With bipartisan momentum building in the U.S. Senate for a sweeping overhaul of the nation's immigration system, President Obama laid out broad principles for reform Tuesday, declaring "most Americans agree that it's time to fix a system that's been broken for way too long."
The president said immigration reform must allow those already in the country illegally the chance to apply for citizenship, while at the same time cracking down on security at the border and enforcement in the workplace. To a large degree, the president's speech echoed cornerstones of a plan offered Monday by a bipartisan group of eight senators.
Perhaps predictably on a complex, multifacted issue that for years has vexed lawmakers and at least two presidents, Central Texans' reaction to the president's remarks, as well as the Senate proposal, covered the spectrum. Previous attempts at immigration reform have cratered, most notably over the issue of a pathway to citizenship, which opponents view as amnesty for illegal behavior.
U.S. Rep. Lamar Smith, a Republican who represents parts of Austin and Travis County and who serves on the House Judiciary Committee's immigration subcommittee, said the nation's immigration laws aren't broken. "They just aren't enforced," Smith said in a statement on his website.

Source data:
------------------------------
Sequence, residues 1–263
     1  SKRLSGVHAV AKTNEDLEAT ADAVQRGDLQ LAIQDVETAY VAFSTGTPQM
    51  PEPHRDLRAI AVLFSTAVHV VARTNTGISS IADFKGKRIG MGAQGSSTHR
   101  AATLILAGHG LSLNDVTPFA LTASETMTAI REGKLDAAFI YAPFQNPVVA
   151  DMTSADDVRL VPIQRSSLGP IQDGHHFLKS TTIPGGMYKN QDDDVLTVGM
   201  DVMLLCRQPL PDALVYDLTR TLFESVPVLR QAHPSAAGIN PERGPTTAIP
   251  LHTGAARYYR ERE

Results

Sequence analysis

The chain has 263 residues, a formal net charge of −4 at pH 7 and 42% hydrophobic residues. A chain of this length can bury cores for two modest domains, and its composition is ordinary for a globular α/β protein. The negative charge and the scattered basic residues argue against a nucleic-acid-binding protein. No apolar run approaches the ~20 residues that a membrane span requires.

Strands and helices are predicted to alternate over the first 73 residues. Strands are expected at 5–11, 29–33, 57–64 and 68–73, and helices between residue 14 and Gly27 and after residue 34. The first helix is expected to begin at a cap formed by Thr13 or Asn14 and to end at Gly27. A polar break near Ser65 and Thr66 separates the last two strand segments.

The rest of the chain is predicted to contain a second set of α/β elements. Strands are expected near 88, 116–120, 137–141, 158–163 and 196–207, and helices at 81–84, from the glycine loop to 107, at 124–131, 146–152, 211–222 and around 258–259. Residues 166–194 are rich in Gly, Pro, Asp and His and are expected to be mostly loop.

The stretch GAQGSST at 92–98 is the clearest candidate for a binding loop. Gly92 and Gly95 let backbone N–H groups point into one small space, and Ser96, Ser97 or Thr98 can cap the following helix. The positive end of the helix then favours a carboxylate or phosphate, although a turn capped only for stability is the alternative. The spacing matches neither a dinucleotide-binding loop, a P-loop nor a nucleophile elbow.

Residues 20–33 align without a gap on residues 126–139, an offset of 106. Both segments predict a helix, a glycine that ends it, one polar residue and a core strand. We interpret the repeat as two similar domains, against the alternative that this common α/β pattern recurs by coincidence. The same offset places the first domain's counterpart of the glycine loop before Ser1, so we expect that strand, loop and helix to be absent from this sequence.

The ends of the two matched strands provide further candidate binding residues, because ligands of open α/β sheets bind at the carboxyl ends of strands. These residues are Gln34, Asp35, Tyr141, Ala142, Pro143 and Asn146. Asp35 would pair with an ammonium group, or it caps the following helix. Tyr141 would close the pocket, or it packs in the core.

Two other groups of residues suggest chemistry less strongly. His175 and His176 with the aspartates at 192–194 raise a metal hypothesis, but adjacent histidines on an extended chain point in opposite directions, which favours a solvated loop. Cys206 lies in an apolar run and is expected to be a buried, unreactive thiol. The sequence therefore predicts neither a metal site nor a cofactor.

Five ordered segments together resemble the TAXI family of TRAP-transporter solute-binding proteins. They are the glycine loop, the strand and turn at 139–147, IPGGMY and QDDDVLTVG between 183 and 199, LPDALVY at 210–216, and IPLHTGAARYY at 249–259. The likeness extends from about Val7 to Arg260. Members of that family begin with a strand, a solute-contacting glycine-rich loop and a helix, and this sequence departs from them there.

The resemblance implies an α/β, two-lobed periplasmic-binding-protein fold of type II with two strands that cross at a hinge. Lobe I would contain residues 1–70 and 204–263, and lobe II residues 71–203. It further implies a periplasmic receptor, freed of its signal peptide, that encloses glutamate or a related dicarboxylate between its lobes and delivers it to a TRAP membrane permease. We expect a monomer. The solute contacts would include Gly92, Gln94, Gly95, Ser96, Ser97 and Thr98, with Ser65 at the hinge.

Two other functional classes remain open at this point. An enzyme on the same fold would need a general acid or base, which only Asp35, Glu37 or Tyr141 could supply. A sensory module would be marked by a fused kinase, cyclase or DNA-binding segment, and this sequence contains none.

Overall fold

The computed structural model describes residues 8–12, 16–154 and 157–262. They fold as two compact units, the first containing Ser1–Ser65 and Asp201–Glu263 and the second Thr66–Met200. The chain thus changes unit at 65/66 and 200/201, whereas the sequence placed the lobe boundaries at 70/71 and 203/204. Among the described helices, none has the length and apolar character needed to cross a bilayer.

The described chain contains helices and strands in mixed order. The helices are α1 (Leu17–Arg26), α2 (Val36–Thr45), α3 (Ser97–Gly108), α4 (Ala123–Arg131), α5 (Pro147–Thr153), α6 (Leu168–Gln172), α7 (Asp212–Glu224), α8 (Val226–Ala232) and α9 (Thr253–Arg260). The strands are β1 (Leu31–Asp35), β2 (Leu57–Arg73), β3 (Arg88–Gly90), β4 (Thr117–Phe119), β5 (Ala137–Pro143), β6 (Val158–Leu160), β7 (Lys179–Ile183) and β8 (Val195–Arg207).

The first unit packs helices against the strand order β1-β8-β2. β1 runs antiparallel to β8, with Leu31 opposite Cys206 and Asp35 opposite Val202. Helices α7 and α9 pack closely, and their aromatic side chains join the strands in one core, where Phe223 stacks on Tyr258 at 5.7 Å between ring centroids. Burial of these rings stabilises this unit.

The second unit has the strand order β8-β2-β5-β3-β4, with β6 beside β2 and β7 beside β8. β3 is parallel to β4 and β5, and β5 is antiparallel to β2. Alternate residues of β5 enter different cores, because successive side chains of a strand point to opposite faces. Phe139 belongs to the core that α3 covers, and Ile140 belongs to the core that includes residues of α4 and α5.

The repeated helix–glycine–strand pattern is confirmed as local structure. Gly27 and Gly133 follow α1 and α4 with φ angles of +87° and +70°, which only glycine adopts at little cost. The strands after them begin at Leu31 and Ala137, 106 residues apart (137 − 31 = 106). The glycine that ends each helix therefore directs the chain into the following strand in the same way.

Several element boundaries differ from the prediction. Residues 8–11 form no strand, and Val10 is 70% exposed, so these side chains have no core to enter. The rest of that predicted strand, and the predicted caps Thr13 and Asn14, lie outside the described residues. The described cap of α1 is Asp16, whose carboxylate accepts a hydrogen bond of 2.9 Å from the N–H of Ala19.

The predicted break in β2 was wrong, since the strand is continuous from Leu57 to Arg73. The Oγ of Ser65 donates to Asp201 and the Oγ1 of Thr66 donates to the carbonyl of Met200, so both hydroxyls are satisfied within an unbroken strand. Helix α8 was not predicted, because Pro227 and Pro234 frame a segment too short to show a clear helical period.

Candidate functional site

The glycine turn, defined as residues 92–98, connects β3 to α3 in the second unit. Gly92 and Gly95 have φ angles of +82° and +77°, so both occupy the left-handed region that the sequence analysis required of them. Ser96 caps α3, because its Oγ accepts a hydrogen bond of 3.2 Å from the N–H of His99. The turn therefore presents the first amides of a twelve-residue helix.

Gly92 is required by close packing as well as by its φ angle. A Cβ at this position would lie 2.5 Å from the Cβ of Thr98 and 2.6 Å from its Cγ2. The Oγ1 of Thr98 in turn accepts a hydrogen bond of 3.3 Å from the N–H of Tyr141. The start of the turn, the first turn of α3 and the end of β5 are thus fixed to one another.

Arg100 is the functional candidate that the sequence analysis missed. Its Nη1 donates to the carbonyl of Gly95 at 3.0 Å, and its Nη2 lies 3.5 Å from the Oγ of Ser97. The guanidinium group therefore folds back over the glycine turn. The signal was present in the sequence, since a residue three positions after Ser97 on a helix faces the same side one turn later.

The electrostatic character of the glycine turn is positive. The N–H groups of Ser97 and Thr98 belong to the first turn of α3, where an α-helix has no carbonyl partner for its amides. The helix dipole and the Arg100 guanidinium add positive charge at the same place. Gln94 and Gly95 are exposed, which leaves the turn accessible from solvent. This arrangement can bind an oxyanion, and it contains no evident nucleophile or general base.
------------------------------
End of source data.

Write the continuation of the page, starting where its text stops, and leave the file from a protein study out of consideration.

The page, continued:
On Monday, Smith blasted calls for a path to citizenship, saying it would only lead to more illegal immigration.
U.S. Sen. John Cornyn, R-Texas, said the president had broken promises to deliver immigration reform before.
"Let's hope the president is finally willing to work with both houses of Congress in a transparent way to secure the border, enforce current law and address our broken immigration system," Cornyn said in a statement.
But U.S. Rep. Lloyd Doggett, D-Austin, said the president's remarks and the Senate bipartisan plan offered a good start. Doggett said he supports reforms that include a path to citizenship "for taxpaying, law-abiding immigrants and, of course, the DREAM Act," legislation that would allow some unauthorized immigrants brought here as children the opportunity to apply for citizenship.
"But I think the president and the Senate need to lead, because there are so many House Republicans who cling to their anti-immigrant fervor," Doggett said.
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